Charlie: For us, we really designed around the point of sale, the user experience in the application. So I think one cool thing that we spent a lot of time is like how can we get these cross-chain transactions to confirm for users in really like five seconds or less. So we are pretty proud that for all of our EVM routes, the longest time a user would ever have to wait is like 20 seconds, most of them are going to settle in like three to five. When we compare to like normal bridge times, that’s typically three to five minutes — like on Polygon — and some of these networks with slower block times it can be up to 20 minutes, or on Solana you're really leisurely looking at like three to seven… I think we're down to under one. So we really focused a lot there. We think that, you know, by speeding up these cross-chain transactions, it does actually start to change how you can build with them at the application level. And that was something that we really, really focused on particularly as part of our work with you all were good consumer experiences, like just kind of table stakes at this point.
Kevin: How do you guys actually make it that… I mean, because a lot of these, like, bridging sort of risk solutions have been out for a while… what is like the, without sharing, I guess, the secret sauce? Or maybe you can. What is it that you guys do differently that sort of creates this sort of speed that, like I said, a lot of websites just don't have yet? Because that was, to us, the biggest thing. And we've been looking for a way to just quickly, honestly, get DUST from Solana because we knew it was gonna be a key part of the downgrade.
Will K: Yeah, happy to tackle that. I would say, probably, there's sort of a handful of things that allow us to actually bring down these times. First and foremost, I would say that a lot of aggregators, a lot of companies that are building in the bridge space exclusively optimize for cost. And I think one thing that we do maybe slightly differently is, while we are certainly optimizing for costs, as well, and try to always consistently use the cheapest bridges, we are sort of picking between two options where option one might be maybe 2%, more cost, but 80% faster, we will almost always go with that option. We loosely believe it's actually a better user experience and definitely do sort of kind of play a game where we're both making the experiences easy and understandable for the user as possible, while also trying to be the cheapest. And then I think in particular, for you guys, and probably like some of the “secret sauce” that came in here has to do with the relay network that we built for the Solana to EVM path where I guess if you were to actually go out and do this bridge and do this process on your own, you'd have to go to some bridge, go and actually bridge your tokens from DUST to Ethereum, and then click an ‘accept’ button, take those tokens from the bridge back to your wallet, and then, from there, actually go out, and execute or do whatever you want on mainnet. What we've been able to build out in Decent is a process that actually does all of that on the back end for you so that way you don't have to. That speeds are actually just like wildly faster as well as the byproduct is what we were really quite excited about and actually really had a ton of fun building it for you guys.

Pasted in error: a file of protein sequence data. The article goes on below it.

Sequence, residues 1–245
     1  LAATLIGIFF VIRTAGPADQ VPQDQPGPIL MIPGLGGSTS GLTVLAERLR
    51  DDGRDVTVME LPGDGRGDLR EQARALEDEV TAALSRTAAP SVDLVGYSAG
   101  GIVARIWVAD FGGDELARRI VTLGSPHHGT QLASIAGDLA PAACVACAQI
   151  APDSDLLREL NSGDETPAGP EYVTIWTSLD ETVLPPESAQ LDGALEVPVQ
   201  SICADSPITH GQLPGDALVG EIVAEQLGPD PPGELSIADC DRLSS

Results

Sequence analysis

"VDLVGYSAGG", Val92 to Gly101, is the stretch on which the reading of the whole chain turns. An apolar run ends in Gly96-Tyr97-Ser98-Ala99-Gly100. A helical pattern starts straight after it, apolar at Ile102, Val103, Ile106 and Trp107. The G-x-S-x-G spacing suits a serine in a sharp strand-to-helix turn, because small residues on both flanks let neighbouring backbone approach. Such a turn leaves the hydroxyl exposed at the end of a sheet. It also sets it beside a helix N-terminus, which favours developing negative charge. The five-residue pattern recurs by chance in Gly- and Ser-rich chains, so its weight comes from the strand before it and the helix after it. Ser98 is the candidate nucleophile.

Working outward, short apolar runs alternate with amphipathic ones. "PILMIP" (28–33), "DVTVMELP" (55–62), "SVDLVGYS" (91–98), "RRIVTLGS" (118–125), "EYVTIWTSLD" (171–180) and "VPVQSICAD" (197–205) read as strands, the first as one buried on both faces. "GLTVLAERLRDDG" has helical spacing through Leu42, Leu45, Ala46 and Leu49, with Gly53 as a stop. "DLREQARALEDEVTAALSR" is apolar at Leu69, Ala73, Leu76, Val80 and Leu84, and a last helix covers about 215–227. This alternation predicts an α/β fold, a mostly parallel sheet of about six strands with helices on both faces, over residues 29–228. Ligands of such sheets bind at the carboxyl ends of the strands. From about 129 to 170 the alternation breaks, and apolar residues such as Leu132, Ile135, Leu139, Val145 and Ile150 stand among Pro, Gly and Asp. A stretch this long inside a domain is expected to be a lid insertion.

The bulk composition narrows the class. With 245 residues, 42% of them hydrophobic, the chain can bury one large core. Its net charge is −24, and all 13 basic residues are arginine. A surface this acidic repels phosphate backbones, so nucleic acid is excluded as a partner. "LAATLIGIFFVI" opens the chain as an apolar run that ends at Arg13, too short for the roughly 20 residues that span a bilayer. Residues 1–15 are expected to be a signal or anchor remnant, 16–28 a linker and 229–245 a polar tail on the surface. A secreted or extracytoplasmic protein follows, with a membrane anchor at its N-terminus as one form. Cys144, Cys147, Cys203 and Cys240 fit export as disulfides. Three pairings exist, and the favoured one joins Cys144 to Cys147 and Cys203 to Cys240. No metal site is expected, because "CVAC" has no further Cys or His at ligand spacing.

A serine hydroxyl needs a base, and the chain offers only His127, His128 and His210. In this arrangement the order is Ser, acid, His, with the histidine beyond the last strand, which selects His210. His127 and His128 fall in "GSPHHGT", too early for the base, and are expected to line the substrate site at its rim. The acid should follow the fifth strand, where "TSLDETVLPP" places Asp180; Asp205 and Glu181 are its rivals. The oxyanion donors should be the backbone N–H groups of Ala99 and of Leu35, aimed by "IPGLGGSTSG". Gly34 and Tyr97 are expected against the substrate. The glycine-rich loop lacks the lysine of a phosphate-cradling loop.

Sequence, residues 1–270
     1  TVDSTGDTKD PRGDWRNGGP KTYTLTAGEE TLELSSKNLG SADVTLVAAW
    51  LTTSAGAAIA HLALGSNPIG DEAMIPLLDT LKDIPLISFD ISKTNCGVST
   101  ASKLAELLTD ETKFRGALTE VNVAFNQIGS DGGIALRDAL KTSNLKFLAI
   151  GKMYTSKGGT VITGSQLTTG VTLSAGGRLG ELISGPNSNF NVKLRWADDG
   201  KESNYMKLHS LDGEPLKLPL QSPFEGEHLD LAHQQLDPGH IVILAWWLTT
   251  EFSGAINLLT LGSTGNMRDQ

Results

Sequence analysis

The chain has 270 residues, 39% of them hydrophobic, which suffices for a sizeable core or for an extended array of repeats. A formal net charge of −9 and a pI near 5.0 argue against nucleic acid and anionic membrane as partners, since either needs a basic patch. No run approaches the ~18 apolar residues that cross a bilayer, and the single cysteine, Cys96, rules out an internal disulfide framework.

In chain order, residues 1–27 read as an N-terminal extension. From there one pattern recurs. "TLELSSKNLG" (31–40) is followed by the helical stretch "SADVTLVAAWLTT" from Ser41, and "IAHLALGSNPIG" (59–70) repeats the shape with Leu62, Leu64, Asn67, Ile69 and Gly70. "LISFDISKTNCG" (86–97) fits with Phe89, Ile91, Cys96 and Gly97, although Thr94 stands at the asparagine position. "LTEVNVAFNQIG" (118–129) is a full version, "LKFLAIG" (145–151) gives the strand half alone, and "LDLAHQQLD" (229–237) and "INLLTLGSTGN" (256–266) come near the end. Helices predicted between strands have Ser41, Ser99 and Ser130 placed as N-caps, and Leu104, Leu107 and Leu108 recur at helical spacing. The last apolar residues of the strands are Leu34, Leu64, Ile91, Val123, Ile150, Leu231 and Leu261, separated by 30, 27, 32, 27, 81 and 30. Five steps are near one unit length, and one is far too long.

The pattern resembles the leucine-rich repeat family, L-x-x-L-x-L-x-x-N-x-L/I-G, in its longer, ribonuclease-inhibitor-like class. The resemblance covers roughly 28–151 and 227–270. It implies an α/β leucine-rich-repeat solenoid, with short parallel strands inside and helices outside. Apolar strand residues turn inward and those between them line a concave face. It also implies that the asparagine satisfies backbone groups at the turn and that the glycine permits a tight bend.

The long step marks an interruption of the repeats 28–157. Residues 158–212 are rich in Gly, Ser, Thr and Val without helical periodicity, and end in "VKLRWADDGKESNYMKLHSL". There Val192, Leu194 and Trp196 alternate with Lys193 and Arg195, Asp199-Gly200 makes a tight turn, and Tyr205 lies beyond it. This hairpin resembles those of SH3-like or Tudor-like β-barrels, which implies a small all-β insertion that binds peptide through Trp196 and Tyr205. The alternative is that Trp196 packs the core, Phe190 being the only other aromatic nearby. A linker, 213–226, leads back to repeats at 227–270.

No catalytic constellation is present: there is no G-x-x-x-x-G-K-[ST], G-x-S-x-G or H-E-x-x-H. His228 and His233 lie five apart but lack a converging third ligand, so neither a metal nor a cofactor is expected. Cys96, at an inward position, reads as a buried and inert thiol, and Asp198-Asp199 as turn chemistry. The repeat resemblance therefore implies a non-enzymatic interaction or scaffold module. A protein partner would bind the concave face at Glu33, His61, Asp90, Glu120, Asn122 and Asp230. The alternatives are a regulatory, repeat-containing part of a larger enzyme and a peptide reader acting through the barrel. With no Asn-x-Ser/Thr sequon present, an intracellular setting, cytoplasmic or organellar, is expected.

Frank: All right, another one here is: obviously you’ve got a room full of NFT MFers in here. What's your guys’ take on the NF T space? What do you think is interesting? What are you looking forward to? You know, across the board, I guess.
Charlie: I thought Onchain Summer was really fun. I think it was like an interesting way where you saw NFTs being — we were talking about accessibility for mainstream — just this really easy way to get people excited about some cool art or access to a Blackbird loyalty program, or something like that, and bring folks onchain. I think we’re going to continue to see more of that. I think the other thing that I started to get excited about — outside of the blue chips like DeGods and y00ts, obviously — is how NFTs can be used to facilitate property rights within games. I think that what Treasure now is doing, and some of the NFT projects that are born out of that ecosystem and then traded within these richer context of like the game itself are pretty interesting as well. That was like honestly a lot of the reason why we originally started looking at L2s maybe a year ago, so I think that that sort of level of interest is still there for me.